Centre of the Continent

Thoughts from the middle of North America

Statistics Lesson

There is absolutely no credibility to Tom Broadbeck’s weekend column bashing the provincial government for it’s deficit. Mr. Broadbeck offers absolutely no context for the numbers that he presents and any figure out of context is meaningless. When I was a very young goaltender, I had a goals against average of 0.02 goals per game. “Wow”, you might say, “that’s spectacular!” Actually, I was horrible. I usually got one or two shots a game and most of them came from far beyond the blue line. That is context. It is information that when missing makes the numbers meaningless or worse totally misrepresentative.

First, let’s look at his deficit claim of $511 million dollars for 2010/11. My research puts it around $545 million but that discrepancy aside, what does it really mean? Below is a chart I compiled of the ten provinces and their shortfalls for the current fiscal period.

Deficit 2010/11 GDP 2011 (est.) Deficit % of GDP
Alberta 4,750,000,000 192,841,000,000 2.46%
British Columbia 1,720,000,000 172,369,000,000 1.00%
Manitoba 545,000,000 44,551,000,000 1.22%
New Brunswick 749,000,000 24,422,000,000 3.07%
Newfoundland 194,000,000 19,937,000,000 0.97%
Nova Scotia 222,000,000 29,982,000,000 0.74%
Ontario 19,700,000,000 542,545,000,000 3.63%
PEI 55,000,000 4,353,000,000 1.26%
Quebec* 4,500,000,000 281,675,000,000 1.60%
Saskatchewan** -20,000,000 19,937,000,000 n/a

TOTAL 32,415,000,000 1,332,612,000,000 2.43%

*Includes $8.3 billion in HST Federal Transfers
** Budget only shows surplus because Saskatchewan dipped into it’s “Rainy Day Fund”)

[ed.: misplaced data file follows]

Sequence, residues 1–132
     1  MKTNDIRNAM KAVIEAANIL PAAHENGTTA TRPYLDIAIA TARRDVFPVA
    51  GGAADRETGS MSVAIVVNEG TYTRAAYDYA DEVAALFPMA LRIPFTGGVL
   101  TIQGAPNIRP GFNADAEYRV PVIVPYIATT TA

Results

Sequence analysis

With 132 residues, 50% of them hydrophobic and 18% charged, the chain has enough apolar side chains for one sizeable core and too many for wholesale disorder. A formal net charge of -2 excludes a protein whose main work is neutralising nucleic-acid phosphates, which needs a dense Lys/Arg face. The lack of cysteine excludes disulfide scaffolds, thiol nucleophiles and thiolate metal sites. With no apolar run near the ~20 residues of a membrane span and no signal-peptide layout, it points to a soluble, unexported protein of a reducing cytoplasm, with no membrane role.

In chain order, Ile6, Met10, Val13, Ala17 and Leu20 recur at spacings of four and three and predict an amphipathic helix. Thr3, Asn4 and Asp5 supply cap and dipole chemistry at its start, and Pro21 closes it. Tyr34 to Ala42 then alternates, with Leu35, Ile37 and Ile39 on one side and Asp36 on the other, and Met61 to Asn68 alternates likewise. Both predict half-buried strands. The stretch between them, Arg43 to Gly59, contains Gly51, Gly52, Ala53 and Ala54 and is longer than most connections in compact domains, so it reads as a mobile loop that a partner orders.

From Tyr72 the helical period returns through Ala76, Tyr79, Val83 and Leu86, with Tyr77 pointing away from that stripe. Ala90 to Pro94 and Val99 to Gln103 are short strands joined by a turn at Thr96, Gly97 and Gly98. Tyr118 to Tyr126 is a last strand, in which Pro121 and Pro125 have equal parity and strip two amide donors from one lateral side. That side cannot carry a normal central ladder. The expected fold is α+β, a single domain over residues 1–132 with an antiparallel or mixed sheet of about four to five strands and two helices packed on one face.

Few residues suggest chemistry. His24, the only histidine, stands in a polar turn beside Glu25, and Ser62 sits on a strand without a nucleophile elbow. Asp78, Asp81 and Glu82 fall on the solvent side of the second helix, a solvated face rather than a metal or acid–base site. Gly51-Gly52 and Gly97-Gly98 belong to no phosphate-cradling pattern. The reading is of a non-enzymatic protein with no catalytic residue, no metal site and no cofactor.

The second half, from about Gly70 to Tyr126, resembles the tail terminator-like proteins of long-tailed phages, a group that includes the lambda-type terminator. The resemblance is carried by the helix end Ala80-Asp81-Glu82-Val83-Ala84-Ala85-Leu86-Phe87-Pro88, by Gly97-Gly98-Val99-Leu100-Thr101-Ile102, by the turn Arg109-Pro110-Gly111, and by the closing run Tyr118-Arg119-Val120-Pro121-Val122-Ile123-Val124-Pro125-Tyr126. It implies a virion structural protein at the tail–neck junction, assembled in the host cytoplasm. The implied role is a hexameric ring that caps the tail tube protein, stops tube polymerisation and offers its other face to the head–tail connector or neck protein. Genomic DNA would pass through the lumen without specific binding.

As a percentage of our gross domestic product (GDP) it is only 1.22 percent. That debt to output ratio is pretty good. It puts us in fourth place out of the ten provinces and well below the national average. In some further research also found that as a percentage of provincial revenue, we are also in fourth place. Frankly, that’s not too shabby for our small prairie province. What Mr. Broadbeck also doesn’t tell you is that “the province’s out-of-control” deficit is actually lower this year then last and though 2014 is expected to continue to fall. To give even more information to work with, here’s what RBC’s economic evaluation for June 2011 had to say:

Carried by a wave of capital investment and solid demand for
the products and services produced in their province, Alberta, Saskatchewan,
and Manitoba are set to achieve above-average growth this year.

Provincial Forecast – RBC Financial (link below)

Economic growth means more revenue. More revenue allows more spending. No provincial government nor the federal is running in the black right now. That’s to be expected when there is an economic downturn. If the price to achieve solid economic growth is running a deficit a little over one percent of our GDP, who in their right mind would argue that?

Context. What the column likes to bring in as some sort of counterpoint to the deficit claim is a 10.8% increase in spending from 2009 to 2011. Without the a comparison to revenue it’s just a number. My very rough calculations put a revenue increase of nearly 7% over the same period. So there is a real difference of less then 4%. Coming out of a global recession is that so horribly bad?


It’s quite good actually.


NDP Say: Charge It! – Winnipeg Sun — Saturday, July 9, 2011 – http://www.winnipegsun.com/2011/07/09/ndp-say-charge-it

Most provinces in deficit position – CBC News – Monday, May 3, 2010 – http://www.cbc.ca/news/business/story/2010/04/29/f-provincial-deficits.html

Provincial Forecast – RBC Financial — http://www.rbc.com/economics/market/pdf/provfcst.pdf

Government of Manitoba Budget Summary – 2009 – http://www.gov.mb.ca/finance/budget09/papers/r_and_e.pdf

Government of Manitoba Budget Summary – 2011 –http://www.gov.mb.ca/finance/budget11/papers/r_and_e.pdf


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